Motor Tune-up

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Tune-up VW EngineVW Motor (53882 bytes)

To get the most out of your trike and to make sure you get where you want to go, you should service your engine regularly. VW engines are very reliable and robust but that doesn't mean you should just ride them until they die.

Clean air, clean petrol and good oil make all the difference.  The ignition timing and valve clearance should be checked and oil changed every 5000km.  You will be amazed how many kilometres you can get out of the old air cooled VW engine if you give it just a little TLC.

Since different systems in a VW motor interact to affect overall performance, tune ups must be done in the following order:

  1. Valve clearance adjustment
  2. Ignition adjustment and timing
  3. Oil change and filter cleaning

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Valve Clearance

Make sure you know what motor you have in your trike.  Any HS3 built after 1999 should have a new motor and gearbox.  If your trike was built before 1999 you may have a rebuilt engine.

On rebuilt engines it is not hard to determine the valve clearance, but you have to find out if your engine has long or short rocker arm shaft support studs.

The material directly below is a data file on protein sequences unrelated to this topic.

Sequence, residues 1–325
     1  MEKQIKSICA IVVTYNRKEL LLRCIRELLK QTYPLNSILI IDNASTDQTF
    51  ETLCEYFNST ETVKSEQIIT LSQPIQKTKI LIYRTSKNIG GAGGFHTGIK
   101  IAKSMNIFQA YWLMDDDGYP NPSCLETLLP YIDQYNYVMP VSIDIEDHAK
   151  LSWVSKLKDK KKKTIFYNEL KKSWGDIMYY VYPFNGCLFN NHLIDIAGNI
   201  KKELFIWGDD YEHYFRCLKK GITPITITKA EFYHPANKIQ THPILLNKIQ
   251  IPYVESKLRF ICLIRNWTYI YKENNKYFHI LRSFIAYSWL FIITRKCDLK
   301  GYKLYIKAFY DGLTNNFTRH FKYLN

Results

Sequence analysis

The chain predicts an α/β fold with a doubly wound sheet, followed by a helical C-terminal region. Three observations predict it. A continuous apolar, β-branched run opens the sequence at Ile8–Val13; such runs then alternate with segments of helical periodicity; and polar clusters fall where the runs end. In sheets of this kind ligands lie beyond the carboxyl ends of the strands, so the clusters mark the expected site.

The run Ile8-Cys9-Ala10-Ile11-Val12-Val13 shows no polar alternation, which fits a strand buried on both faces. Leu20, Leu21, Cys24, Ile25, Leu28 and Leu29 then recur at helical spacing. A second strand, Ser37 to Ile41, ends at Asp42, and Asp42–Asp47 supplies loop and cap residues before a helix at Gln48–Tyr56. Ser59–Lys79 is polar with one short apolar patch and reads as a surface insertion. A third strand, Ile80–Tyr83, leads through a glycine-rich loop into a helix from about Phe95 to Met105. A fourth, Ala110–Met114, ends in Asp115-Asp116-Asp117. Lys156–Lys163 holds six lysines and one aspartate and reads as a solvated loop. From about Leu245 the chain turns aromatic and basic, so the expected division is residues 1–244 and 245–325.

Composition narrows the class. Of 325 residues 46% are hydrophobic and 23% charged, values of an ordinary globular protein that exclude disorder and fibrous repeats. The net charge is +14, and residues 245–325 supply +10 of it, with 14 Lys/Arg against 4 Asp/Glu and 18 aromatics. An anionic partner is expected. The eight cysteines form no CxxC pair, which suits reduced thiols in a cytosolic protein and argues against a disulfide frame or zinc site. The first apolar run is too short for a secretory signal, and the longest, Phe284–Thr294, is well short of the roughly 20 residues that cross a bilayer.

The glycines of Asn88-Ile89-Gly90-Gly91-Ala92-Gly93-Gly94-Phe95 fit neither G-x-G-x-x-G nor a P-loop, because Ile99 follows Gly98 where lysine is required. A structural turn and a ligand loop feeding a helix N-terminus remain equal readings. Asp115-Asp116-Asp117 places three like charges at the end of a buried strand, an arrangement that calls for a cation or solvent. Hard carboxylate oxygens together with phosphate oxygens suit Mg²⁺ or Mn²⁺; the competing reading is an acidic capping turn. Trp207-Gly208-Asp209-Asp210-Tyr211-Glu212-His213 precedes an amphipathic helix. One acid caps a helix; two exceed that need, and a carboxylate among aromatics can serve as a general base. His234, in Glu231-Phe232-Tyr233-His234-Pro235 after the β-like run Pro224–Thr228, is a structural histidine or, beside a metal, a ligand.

Long or Short Studs?

Feel under the engine between the push-rod tubes for the bottom end of the stud.  If you can feel the stud, you have long studs.  If you can't feel the stud you have short studs.

NOTE: Check all 4 studs.  You could have an engine with long studs on one side and short studs on the other side.  If that's the case, it's time to see the professionals

Valve Clearance

Intake

Exhaust

Rebuilt - Short Studs

0.008" or 0.2mm 0.012" or 0.3mm

Rebuilt - Long Studs

0.004" or 0.1mm 0.004" or 0.1mm

New (Mexican) Motor

0.006" or 0.15mm 0.006" or 0.15mm

Start with a cold engine to avoid pain and secondly because the  expansion of the metal due to heat will give you wrong measurements. 

Make sure you do it right.  If the valve clearance is too small you can burn or distort the valves.  If the clearance is excessive you will have a very noisy motor and very little power.  A bit more valve play is safer than not enough.

Before adjusting the valves remove both rocket arm covers and the spark plugs.  This makes the engine much easier to turn by hand.  The plugs should be checked and cleaned anyway.  Turn the engine over and have a good look at the crankshaft pulley.  

measure_pulley.JPG (14471 bytes) There should be a mark or notch exactly 180 from the TDC timing mark.  If you can't find one - make one.  Measure across the pulley as in the picture below to accurately locate the mark.

To adjust the valves, turn the engine over so that piston No 1 is at TDC on the compression stroke.  You can tell this when the timing mark on the pulley lines up with the crankshaft seam and the rotor points to the notch on the distributor as shown.  

Do cylinder No 1 first, which is the right front cylinder.